By contrast, in the United States the average person takes about 13 hours to prepare income tax returns by mid-April each year. The Congressional Research Service says people who pay someone to do this, and the IRS says about 53% of us do so, have to shell out an average of $240 apiece. That varies widely depending on how much someone owns, has invested or qualifies for one of countless credits or deductions.
Which is the same answer you get if you want to know the vastness of outer space.
It’s also going to be close to the answer to how many politicians I’ve heard, in my 40 years in this business, say we need to find a way to fit our tax returns on a postcard. They never specify how big that postcard would be.
Well, never fear, folks. The IRS is hard at work at, perhaps eventually, bringing us a pre-filled basic tax return.
The misnamed Inflation Reduction Act (remember that?) requires the IRS to set up software that would allow people to file returns directly, online, without having to use third-party tax preparation software. A pilot program is expected to be in place by 2024.
A lot of people think this is the first step toward offering pre-filled tax forms, Estonian style, to the American people. A working paper by a number of academic researchers indicates that 1040 forms for as many as 42% to 48% of Americans “could be accurately pre-populated using only current-year information returns and the prior-year return.”
The Congressional Research Service says the IRS could make this happen in one of two ways. The first is to try to withhold from paychecks the exact amount people will owe the federal government. The other method would require the IRS to use third-party information, from a bank and employer, to fill in the blanks, which a taxpayer could then check for accuracy.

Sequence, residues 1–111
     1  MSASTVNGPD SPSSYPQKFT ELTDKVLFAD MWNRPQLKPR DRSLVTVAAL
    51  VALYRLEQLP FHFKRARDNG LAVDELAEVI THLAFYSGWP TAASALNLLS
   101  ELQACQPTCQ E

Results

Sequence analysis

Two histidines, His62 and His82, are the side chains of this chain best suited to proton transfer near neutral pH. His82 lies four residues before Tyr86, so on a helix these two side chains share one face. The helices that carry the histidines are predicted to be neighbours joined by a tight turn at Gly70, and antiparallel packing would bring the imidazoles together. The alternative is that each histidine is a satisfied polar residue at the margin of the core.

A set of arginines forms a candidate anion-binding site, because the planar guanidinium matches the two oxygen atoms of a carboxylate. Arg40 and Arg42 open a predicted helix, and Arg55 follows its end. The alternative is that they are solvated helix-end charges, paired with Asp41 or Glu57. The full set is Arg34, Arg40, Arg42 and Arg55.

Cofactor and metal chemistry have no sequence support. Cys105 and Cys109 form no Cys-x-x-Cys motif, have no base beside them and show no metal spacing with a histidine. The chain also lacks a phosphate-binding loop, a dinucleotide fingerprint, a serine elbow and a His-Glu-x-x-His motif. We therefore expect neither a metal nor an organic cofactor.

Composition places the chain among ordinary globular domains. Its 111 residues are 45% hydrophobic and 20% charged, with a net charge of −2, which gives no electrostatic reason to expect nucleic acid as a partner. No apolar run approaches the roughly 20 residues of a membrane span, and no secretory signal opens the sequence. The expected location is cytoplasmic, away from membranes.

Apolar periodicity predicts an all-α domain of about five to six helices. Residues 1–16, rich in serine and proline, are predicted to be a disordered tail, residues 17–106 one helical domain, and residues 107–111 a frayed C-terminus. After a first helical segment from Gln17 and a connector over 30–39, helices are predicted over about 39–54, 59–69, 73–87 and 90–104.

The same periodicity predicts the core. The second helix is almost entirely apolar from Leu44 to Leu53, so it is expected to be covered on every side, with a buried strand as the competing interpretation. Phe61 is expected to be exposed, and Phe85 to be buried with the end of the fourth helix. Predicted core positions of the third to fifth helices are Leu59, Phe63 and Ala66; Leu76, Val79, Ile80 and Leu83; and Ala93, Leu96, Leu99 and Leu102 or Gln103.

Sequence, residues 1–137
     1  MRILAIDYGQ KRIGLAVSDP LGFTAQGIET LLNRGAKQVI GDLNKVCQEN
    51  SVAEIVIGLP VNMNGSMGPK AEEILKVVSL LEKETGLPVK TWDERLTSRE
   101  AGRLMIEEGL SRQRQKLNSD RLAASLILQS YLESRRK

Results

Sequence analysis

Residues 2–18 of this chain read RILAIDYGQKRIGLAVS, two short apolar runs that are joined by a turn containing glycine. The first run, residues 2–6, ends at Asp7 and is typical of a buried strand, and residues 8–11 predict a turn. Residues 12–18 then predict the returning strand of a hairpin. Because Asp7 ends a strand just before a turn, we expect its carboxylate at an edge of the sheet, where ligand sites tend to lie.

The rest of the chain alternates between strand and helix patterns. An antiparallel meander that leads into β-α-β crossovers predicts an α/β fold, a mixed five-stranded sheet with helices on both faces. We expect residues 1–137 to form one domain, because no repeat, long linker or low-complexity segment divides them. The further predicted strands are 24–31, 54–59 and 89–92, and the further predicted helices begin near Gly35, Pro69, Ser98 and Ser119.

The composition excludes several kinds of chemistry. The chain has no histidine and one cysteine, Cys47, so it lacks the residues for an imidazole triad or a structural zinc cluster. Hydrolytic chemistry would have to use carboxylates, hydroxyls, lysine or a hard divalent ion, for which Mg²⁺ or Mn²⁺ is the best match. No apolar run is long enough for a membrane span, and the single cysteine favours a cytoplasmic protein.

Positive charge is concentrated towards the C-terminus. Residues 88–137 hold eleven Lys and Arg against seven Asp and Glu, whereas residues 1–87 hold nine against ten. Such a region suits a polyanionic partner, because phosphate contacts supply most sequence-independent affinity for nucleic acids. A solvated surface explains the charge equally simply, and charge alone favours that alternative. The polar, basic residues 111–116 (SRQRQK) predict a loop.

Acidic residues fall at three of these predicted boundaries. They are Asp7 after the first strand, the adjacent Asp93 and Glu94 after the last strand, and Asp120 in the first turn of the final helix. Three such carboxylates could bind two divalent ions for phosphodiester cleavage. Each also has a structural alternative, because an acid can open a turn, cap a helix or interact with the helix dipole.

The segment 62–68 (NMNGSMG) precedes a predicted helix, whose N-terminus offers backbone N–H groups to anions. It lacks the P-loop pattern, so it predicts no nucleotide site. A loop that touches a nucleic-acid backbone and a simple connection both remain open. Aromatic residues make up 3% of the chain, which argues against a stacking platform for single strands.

If only it were so easy.
Ryan Ellis, an IRS enrolled agent who heads the Center for a Free Economy, wrote an op-ed for The Hill explaining why he thinks this won’t work. It turns out the IRS already pre-fills tax forms for thousands of taxpayers who fail to turn in returns each year, using a little-known program called “Substitute for Return.”
Ellis and a fellow tax expert conducted a double-blind study using hypothetical returns for “representative” taxpayers. One of them prepared returns using the IRS program. The other did it with commercial tax preparation software that examined eligible deductions and credits. He found substantial differences.
For example, a single mother of two young children with $24,000 in annual income was liable for $1,198 in taxes using the IRS program, but received a $7,731 refund using the commercial software.
Ellis wrote that “the IRS does not have and can never gain access to the very consequential details of our lives, including who lives in our households or the allowable expenses we incur as property and business owners.”
He said more than 70 million tax-paying households claim deductions and/or credits.
The problem, he said, is the tax code is too complicated.
That ought to be obvious. It’s also the conclusion of the non-profit Tax Foundation, a Washington-based research group that concludes the code is too complicated even for a free direct-filing software program.
Last month, the Tax Foundation studied what would happen if the U.S. adopted a system similar to Estonia’s. Among other things, it could boost our economic output by 2.5%, increase wages by 1.4% and add 1.3 million full-time jobs. Also, it would begin to reduce the nation’s debt burden.
It would, in other words, remove a lot of heavy bureaucratic nonsense.
But in a nation where a lot of that nonsense is protected by powerful lobbies, and where tax preparation has become a huge industry, I wouldn’t bet my next refund on it happening.